People who suffer from angina have frequent chest pain because there’s not enough blood flowing to their heart area. Research shows Hawthorn berry extracts can relieve angina after less than one month of use.

Circulatory problems such as having cold hands or feet due to lack of blood to extremities can also be solved by treating blood flow with Hawthorn.

Good for Lowering Bad Cholesterol

The Hawthorn herb was found in clinical trials to increase the body’s ability to break down and remove cholesterol, whether that cholesterol was created by the body itself or was acquired through unhealthy foods. Specifically, this herb has the power to cleanse the blood of LDL, otherwise known as the bad cholesterol. In addition to that, the Hawthorn herb can stop the body from producing excess cholesterol in the first place – a preventative measure.

Good for Atherosclerosis

When fat and plaque build up and harden on artery walls, the arteries can become blocked. This ailment is known as atherosclerosis. The Hawthorn herb has the ability to dissolve and remove plaque buildup in the arteries.

Good for Getting Antioxidants

Oxygen in free radicals causes the body to age. Antioxidants are chemicals that fight oxidation of body tissue by free radicals. The Hawthorn herb has been successful in fighting oxidation and aging because the pigments in the berries and flowers contain tons of vitamin C, a natural antioxidant.

Good for Arthritis or Gout

The joint pain caused by arthritis can be alleviated by Hawthorn extracts because the herb helps the body retain more protein and collagen to support joints and allow joints to move with ease. When someone gets arthritis or gout, the inflamed joints generally lose collagen and protein. Hawthorn has been used to treat gout since the 1300s.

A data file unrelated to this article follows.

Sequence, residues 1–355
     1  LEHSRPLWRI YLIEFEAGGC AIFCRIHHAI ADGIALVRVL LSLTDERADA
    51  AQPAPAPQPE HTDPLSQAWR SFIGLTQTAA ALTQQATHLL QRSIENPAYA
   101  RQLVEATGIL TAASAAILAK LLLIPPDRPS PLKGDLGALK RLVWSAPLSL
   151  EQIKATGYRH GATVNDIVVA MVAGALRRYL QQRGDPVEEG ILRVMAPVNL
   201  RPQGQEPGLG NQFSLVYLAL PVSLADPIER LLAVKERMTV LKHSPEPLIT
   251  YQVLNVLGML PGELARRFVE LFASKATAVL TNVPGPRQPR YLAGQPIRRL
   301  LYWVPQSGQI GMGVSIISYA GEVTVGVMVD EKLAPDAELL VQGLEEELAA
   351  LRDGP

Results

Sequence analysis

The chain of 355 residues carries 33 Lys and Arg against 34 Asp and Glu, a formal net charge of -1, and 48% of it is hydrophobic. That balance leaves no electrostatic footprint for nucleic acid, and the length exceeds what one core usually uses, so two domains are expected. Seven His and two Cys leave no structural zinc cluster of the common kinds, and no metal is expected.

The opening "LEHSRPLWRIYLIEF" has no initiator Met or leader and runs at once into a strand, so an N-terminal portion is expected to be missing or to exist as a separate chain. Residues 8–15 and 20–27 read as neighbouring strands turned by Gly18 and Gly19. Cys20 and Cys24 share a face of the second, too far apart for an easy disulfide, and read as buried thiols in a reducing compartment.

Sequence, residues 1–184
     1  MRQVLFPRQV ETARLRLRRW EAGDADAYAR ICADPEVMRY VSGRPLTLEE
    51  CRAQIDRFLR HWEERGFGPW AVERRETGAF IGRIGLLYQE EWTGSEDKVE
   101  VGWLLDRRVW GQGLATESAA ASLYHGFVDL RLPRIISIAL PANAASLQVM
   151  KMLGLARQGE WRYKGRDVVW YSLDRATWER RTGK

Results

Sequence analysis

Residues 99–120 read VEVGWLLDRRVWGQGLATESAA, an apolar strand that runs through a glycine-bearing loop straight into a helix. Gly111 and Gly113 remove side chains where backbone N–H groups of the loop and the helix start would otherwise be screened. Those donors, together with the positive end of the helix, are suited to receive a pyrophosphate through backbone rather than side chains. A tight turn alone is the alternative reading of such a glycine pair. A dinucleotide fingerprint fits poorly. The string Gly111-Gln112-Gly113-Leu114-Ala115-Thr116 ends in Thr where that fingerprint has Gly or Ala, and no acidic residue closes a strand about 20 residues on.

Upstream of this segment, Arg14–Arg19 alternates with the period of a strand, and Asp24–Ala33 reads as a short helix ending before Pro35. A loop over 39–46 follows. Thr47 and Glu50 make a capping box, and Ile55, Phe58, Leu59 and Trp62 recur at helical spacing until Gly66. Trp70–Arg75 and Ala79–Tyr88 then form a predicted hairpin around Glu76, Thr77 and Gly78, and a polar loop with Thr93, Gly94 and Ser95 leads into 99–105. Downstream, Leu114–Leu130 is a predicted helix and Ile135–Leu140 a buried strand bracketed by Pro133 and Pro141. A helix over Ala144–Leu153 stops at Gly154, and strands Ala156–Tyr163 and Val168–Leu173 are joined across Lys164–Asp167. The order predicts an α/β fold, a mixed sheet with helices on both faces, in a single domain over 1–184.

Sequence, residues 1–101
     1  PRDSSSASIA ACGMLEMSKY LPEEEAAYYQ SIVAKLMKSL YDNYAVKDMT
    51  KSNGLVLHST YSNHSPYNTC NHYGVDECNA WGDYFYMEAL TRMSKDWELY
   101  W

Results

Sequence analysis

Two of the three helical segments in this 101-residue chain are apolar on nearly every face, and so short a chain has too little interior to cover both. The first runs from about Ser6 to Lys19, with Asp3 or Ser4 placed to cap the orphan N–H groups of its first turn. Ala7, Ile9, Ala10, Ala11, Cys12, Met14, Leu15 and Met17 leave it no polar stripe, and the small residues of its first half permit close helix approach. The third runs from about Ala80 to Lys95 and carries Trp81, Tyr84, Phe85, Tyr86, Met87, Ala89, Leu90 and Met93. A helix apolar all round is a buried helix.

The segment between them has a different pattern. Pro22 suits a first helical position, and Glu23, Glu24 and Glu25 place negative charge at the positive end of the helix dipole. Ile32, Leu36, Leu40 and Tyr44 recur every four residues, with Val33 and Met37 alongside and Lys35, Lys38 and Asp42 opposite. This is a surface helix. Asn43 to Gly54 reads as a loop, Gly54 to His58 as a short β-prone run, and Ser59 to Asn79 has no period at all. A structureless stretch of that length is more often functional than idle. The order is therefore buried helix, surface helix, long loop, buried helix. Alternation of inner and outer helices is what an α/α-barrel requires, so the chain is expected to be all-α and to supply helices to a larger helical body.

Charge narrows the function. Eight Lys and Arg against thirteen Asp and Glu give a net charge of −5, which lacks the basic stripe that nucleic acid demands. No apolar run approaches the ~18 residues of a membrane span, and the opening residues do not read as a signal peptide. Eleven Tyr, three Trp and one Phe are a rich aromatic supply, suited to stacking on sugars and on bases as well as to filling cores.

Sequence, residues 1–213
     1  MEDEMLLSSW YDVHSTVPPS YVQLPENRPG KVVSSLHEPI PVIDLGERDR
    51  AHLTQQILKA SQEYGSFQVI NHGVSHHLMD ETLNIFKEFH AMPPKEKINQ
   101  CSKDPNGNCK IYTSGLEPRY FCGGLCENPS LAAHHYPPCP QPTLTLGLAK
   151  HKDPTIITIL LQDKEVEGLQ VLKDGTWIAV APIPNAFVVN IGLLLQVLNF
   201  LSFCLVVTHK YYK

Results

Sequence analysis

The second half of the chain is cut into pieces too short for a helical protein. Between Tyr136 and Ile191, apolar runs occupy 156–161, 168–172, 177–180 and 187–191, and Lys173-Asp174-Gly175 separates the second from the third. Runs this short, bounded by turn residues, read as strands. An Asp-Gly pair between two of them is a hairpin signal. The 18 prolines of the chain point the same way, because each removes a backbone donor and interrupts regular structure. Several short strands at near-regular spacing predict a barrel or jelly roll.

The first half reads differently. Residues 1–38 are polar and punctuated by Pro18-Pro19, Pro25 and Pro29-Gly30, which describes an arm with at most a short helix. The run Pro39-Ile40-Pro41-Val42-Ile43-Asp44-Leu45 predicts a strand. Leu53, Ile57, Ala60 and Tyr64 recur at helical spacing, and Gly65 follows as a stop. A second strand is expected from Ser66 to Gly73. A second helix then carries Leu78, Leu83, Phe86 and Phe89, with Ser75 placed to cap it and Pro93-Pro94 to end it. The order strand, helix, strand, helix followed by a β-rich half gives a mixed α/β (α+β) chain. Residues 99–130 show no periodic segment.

Good for Insomnia

The Hawthorne Herb is a natural tranquilizer and can help one relax or fall asleep. To treat insomnia, infuse hot water with dried Hawthorn leaves.

Good for Ending Water Retention

The herb is a diuretic that can rid the body of excess water and even flush out kidney stones.

Good for Irritable Bowel Syndrome

Many herbalists recommend boiling dried Hawthorne berries in hot water to make a tea that relieves irritable bowels and other digestive problems, like diarrhea.

Good for Sore Throats

A little known use of the Hawthorn herb is to drink a tea of Hawthorn leaves and berries to cure sore throats. The tea is an astringent which heals raw and sore areas and stops bleeding.

Dosage and Regimen

There’s a myth that one can never take too much Hawthorn herb, allegedly because the body will simply excrete what it does not need. This is incorrect. Herbalists advise users to take the lowest dosage recommended because Hawthorn works best when it slowly accumulates in the body over time.
Most sources and product labels recommend a dosage of Hawthorn herb that equals 200 milligrams daily for medicinal uses. It can be taken for an indefinite period of time. It is not recommended to consume more than 1800 milligrams of Hawthorn herb in one day.

Some advocates of Hawthorn recommend that consumers focus not on the amount of the overall extract or herb, but on the amount of flavonoids in the dosage. Seek to get between four and 20 milligrams of flavonoids per dose, if possible.

If your product lists percentages of flavonoids instead of milligrams, go for the one that offers at least 2 percent of flavonoids.

Because vitexin is the most popular flavonoid found in Hawthorne, you might see a percentage listed specifically for vitexin on your product. A 1.5 percent dose is good for this pigment.

For best results, take the recommended amount thrice a day for at least a month and a half.

Which Herb is Best?